By: John W. Parks IV, D.M.A.
The Florida State University
Many players are intimidated by the ubiquitous four-stroke ruff, especially by soft ones (Kije, Festive Overture). Of course, loud four-stroke ruffs can be a challenge as well (third movement of Shostakovich 10)! Where do you place them? How do you place them when the conductor is making a huge expressive gesture with a downbeat the ensemble seems to “slide” into (last four bars of Scheherazade III, for example)?
Before we get to the actual exercise, there are many ways to skin the proverbial cat when it comes to ornaments. For example, you could perform them lrlR, or rlrL, or rllR, or lrrL (or a few other ways as well, although those are probably not used regularly [rrlL, llrR, etc.]). The most important things are:
A) to figure out the hierarchical relationship between grace notes and the primary note (the note being decorated or ornamented), and
B) where first contact with the head begins (and ends!).
“Hierarchy” is just a doctoral word for “levels of structure,” or “importance.” Many young players confuse the ornamental hierarchical level with that of the primary stroke level. For example, they might play all ornamental strokes at the same dynamic level as the primary notes, or sometimes accent the ornaments and obscure the primary rhythm of the passage by accident. Truly, such passages may be thought of in three levels: in Lt. Kije, for example, you have a grace-note level (low), a non-accented note level (middle), and an accented-note level (higher). Of course we’re splitting hairs, as it all needs to be really soft, but the hair splitting is what separates the great players from the good ones.
So when we talk about hierarchy, it’s just a fancy way of discussing the relationships between these levels. The important thing is to understand that they do exist and to have the technical prowess to make distinctions—and sometimes to manipulate them on command.
The exercise below is one I learned while a student at Northwestern with Patsy Dash, and also one I continued to work on with John Beck during my time as a Doctoral student at Eastman. It’s based on a Moeller-like right hand check pattern with the inner triplet strokes produced by the left hand. The coolest thing about the exercise is the ability to use a different “check” pattern to manipulate the size of the ruff—or, how much time elapses between the first of the grace notes and the release. I have included two examples below of an eighth note pattern and a sixteenth-note pattern, but you could also include a triplet pattern between them as well.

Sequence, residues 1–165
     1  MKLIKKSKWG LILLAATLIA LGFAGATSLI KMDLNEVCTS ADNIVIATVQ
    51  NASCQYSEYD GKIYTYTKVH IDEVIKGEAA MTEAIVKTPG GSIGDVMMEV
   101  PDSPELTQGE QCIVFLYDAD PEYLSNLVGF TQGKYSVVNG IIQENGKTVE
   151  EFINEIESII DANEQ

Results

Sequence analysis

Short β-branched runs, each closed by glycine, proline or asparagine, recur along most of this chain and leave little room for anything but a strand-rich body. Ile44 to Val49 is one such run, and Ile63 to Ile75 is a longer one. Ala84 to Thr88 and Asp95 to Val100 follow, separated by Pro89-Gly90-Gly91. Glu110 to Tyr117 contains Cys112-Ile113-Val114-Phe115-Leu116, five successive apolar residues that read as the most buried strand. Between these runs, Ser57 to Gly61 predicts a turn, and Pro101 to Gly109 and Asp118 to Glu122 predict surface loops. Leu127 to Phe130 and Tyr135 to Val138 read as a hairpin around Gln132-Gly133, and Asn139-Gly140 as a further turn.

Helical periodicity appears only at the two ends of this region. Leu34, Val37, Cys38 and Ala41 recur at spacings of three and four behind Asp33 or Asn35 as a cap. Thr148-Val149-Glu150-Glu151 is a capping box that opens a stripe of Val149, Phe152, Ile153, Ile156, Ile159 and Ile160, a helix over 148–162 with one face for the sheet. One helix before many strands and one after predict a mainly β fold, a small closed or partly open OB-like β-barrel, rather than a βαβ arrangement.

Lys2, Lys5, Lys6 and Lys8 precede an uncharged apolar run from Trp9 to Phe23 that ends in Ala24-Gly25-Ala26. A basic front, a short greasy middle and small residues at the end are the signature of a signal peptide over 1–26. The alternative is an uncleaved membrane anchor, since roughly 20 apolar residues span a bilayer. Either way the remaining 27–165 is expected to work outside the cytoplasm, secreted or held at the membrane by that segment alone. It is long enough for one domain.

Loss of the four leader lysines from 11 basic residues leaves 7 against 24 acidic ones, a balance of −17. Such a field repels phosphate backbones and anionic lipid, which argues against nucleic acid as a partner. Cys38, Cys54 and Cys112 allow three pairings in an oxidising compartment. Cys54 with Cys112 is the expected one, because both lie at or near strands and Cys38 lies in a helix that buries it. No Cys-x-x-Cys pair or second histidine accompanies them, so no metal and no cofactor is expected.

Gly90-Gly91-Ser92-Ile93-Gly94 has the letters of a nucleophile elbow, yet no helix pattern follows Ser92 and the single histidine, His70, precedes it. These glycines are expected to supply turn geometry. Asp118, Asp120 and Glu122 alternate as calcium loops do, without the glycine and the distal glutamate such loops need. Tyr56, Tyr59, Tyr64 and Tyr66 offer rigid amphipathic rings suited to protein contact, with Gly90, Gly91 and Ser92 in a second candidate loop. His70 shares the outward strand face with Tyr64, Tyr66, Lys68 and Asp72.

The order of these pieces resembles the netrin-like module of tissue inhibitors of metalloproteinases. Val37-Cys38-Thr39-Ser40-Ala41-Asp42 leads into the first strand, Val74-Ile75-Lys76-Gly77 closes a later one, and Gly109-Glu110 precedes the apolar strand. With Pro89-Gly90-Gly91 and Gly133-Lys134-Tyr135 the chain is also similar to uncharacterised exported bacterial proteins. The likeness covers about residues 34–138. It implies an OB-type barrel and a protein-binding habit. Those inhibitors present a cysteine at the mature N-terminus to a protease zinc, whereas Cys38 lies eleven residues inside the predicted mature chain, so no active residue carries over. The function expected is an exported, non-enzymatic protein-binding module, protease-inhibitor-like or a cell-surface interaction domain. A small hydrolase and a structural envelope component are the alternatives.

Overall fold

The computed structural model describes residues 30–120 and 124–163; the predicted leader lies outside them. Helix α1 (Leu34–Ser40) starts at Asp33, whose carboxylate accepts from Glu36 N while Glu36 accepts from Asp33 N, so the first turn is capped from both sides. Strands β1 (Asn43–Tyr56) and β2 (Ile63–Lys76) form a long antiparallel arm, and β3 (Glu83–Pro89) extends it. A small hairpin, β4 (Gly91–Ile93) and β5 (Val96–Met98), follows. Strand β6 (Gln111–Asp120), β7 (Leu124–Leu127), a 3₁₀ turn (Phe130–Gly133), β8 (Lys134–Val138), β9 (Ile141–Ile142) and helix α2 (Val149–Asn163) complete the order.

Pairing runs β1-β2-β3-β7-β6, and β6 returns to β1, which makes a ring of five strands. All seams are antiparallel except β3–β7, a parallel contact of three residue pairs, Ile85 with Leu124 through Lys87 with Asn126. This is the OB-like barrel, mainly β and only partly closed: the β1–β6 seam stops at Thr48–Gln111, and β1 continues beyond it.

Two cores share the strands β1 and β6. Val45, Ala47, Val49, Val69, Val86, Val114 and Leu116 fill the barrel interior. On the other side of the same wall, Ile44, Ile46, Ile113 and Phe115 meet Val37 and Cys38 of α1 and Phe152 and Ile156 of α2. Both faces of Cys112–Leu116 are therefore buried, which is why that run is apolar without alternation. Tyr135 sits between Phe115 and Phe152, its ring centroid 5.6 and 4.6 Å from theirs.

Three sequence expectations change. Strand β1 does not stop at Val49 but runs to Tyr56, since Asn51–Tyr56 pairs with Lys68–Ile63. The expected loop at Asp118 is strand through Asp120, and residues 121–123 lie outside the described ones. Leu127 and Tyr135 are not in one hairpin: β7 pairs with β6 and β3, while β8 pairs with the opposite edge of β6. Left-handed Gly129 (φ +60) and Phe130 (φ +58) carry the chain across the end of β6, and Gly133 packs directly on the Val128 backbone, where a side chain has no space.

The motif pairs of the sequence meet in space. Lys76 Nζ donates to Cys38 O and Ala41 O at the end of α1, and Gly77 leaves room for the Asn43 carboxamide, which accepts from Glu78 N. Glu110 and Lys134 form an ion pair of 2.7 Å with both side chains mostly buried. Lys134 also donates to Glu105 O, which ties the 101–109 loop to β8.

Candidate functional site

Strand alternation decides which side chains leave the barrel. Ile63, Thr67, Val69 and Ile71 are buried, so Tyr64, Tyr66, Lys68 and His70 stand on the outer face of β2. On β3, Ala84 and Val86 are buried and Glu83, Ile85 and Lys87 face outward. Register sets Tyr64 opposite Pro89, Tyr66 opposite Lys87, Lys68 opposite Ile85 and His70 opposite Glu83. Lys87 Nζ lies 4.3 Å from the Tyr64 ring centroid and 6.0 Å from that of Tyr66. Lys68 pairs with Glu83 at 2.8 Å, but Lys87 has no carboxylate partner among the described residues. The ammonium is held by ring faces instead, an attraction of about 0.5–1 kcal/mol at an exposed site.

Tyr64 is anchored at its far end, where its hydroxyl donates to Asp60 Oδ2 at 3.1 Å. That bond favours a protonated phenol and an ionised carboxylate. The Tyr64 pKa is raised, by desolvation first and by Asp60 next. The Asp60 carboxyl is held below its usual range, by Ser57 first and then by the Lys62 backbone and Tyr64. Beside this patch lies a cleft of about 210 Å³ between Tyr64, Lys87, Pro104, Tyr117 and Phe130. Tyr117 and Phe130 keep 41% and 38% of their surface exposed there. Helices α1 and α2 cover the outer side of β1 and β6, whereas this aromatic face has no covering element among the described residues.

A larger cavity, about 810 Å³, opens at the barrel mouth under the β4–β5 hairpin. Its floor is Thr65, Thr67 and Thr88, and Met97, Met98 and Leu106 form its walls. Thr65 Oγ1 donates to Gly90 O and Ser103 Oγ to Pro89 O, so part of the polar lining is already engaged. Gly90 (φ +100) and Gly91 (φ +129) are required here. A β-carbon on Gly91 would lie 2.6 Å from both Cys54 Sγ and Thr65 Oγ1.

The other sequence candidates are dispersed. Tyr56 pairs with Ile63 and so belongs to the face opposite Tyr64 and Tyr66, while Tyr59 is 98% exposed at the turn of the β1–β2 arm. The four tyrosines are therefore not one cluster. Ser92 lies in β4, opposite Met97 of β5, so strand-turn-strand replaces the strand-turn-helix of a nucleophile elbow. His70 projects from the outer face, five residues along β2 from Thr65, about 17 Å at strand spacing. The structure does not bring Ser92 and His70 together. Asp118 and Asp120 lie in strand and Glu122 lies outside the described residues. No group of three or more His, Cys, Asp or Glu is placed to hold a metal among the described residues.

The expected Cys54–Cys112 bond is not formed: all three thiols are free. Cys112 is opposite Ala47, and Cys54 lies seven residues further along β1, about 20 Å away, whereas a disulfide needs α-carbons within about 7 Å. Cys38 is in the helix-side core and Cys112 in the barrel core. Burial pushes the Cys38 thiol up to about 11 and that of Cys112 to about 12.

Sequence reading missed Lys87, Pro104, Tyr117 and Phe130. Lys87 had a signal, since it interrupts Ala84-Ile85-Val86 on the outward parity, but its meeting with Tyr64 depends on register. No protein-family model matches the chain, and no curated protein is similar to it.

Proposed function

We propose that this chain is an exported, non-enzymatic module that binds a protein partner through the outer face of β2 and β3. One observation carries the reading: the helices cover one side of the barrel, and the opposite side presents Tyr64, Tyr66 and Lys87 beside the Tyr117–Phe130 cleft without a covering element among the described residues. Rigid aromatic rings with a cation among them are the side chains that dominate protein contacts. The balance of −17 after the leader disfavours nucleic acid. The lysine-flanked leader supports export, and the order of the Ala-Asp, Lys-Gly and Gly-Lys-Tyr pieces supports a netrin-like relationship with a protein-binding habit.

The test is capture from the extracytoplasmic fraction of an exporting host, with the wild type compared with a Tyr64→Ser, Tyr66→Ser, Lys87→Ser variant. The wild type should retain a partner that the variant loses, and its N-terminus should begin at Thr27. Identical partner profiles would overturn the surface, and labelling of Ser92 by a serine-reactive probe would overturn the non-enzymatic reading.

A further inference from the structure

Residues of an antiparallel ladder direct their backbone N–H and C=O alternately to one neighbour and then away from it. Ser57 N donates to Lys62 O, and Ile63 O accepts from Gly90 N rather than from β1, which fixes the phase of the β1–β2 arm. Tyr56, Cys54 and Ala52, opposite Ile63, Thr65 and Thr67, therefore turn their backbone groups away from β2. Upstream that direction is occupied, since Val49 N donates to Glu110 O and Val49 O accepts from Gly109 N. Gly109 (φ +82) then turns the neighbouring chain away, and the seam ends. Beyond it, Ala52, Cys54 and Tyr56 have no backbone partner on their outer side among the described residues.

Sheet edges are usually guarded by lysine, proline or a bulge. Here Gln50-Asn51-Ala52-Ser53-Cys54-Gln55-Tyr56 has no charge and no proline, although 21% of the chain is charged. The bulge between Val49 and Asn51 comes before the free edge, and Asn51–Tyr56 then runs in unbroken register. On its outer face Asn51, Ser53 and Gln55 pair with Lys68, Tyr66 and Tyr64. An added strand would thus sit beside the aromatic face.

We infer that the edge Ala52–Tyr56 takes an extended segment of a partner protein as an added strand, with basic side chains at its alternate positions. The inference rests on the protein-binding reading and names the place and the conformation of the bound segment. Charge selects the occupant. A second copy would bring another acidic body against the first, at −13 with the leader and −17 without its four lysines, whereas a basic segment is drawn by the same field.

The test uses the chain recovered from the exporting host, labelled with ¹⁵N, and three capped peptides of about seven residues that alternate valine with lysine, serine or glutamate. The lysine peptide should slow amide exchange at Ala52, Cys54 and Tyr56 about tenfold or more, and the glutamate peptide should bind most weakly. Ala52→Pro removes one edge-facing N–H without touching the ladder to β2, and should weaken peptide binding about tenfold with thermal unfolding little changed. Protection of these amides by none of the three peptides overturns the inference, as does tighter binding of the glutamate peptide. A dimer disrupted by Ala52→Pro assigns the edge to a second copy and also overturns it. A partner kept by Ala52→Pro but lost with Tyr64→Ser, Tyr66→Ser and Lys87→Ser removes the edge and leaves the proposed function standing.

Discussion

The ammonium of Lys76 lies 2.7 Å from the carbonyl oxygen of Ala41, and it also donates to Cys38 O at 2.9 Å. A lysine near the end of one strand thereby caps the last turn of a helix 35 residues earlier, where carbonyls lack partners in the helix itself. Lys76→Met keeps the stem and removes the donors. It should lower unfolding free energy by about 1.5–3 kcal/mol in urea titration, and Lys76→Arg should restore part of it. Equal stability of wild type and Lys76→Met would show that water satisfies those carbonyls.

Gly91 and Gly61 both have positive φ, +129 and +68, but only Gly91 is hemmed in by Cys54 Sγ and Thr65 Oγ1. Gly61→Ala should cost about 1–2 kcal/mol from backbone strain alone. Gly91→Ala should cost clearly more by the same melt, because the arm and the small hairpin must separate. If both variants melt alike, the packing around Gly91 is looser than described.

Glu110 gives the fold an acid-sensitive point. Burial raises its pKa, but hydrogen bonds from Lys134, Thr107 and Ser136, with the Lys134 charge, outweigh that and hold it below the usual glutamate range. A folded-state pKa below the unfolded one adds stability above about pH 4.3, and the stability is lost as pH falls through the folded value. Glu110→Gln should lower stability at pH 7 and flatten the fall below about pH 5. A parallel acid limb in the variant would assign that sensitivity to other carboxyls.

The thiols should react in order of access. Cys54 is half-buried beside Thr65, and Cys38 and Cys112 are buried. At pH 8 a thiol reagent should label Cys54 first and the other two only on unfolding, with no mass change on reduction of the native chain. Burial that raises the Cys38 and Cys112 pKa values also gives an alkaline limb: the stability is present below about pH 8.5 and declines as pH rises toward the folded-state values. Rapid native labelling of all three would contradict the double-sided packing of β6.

By the way, if you have trouble placing the two left-hand notes, page sixteen of Accents and Rebounds (George Lawrence Stone) will help you. Below is a summary of Stone’s basic idea of manipulating a double-stroke roll by offsetting the placement of the thirtysecond notes (this one in 4/4), although this isn’t the actual Stone exercise verbatim.
After you figure out this first example with the metronome, try going back and forth between a regular double-stroke roll and then transitioning to the “Stone” roll without any bumps or hiccups. You can always put a bar of regular sixteenth-notes at the front of any of these as a “re-check” pattern.
Below is the actual four-stroke exercise. I usually start pretty slow and try to create a crescendo with my left hand by making sure both hands are in constant motion, and I can take advantage of gravity and momentum to give me a stronger second double-stroke, so I do not have to squeeze it or “stick” the left hand. Neither hand ever stops moving.
You can set the metronome at full subdivision of sixteenths, triplets, etc. to gauge how successful you are, and then take the next step: don’t play the exercise! Instead play ruffs using one of the subdivisions, but only play on beat one. Then reset, and try to place it on beat one again (without playing the exercise). Repeat this until you feel comfortable with the subdivision and can “land” the primary stroke cleanly on ‘one.’
Try to incorporate this into your warm-up routine, and then you can start to make decisions about appropriate subdivisions for every four-stroke ruff you play, based upon tempo and how open or closed it has to be. Next time we will take a look at how to apply this to specific repertoire, but until then, give it a shot and see if it works for you!
I would like to thank Patsy Dash and John Beck for teaching me this basic exercise and the “spirit” of Doug Howard for causing me to define an exact subdivision and placement protocol for every single ornament I play.
For a PDF of this article or more percussion educational articles, visit Innovative Percussion’s Educational Resources website. What do you think of the concepts Dr. Parks address in this article? Do you have a different approach for executing four-stroke ruffs? Leave your comments below.
Originally posted on DrumChattr on January 11, 2011.
The photo in this post is used under the Creative Commons License: Attribution – NonCommercial – No Derivs 2.0 by Brett Lessard